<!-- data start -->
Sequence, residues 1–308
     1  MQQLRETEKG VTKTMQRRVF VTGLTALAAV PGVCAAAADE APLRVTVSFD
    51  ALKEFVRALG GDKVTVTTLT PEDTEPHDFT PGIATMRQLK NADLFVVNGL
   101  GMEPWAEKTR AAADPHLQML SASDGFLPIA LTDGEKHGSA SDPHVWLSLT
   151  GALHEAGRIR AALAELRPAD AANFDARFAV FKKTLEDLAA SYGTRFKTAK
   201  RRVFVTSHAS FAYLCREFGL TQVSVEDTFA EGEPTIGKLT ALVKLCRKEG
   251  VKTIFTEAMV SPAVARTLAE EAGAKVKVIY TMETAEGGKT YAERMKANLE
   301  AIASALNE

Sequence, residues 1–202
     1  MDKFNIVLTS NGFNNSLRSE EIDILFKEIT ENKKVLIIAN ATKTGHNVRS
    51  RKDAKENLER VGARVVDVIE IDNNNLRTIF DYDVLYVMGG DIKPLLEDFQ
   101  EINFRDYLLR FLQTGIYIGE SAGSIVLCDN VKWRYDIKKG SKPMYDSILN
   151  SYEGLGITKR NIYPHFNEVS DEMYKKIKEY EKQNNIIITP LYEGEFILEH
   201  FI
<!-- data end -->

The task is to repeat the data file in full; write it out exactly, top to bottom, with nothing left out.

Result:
Sequence, residues 1–308
     1  MQQLRETEKG VTKTMQRRVF VTGLTALAAV PGVCAAAADE APLRVTVSFD
    51  ALKEFVRALG GDKVTVTTLT PEDTEPHDFT PGIATMRQLK NADLFVVNGL
   101  GMEPWAEKTR AAADPHLQML SASDGFLPIA LTDGEKHGSA SDPHVWLSLT
   151  GALHEAGRIR AALAELRPAD AANFDARFAV FKKTLEDLAA SYGTRFKTAK
   201  RRVFVTSHAS FAYLCREFGL TQVSVEDTFA EGEPTIGKLT ALVKLCRKEG
   251  VKTIFTEAMV SPAVARTLAE EAGAKVKVIY TMETAEGGKT YAERMKANLE
   301  AIASALNE

Sequence, residues 1–202
     1  MDKFNIVLTS NGFNNSLRSE EIDILFKEIT ENKKVLIIAN ATKTGHNVRS
    51  RKDAKENLER VGARVVDVIE IDNNNLRTIF DYDVLYVMGG DIKPLLEDFQ
   101  EINFRDYLLR FLQTGIYIGE SAGSIVLCDN VKWRYDIKKG SKPMYDSILN
   151  SYEGLGITKR NIYPHFNEVS DEMYKKIKEY EKQNNIIITP LYEGEFILEH
   201  FI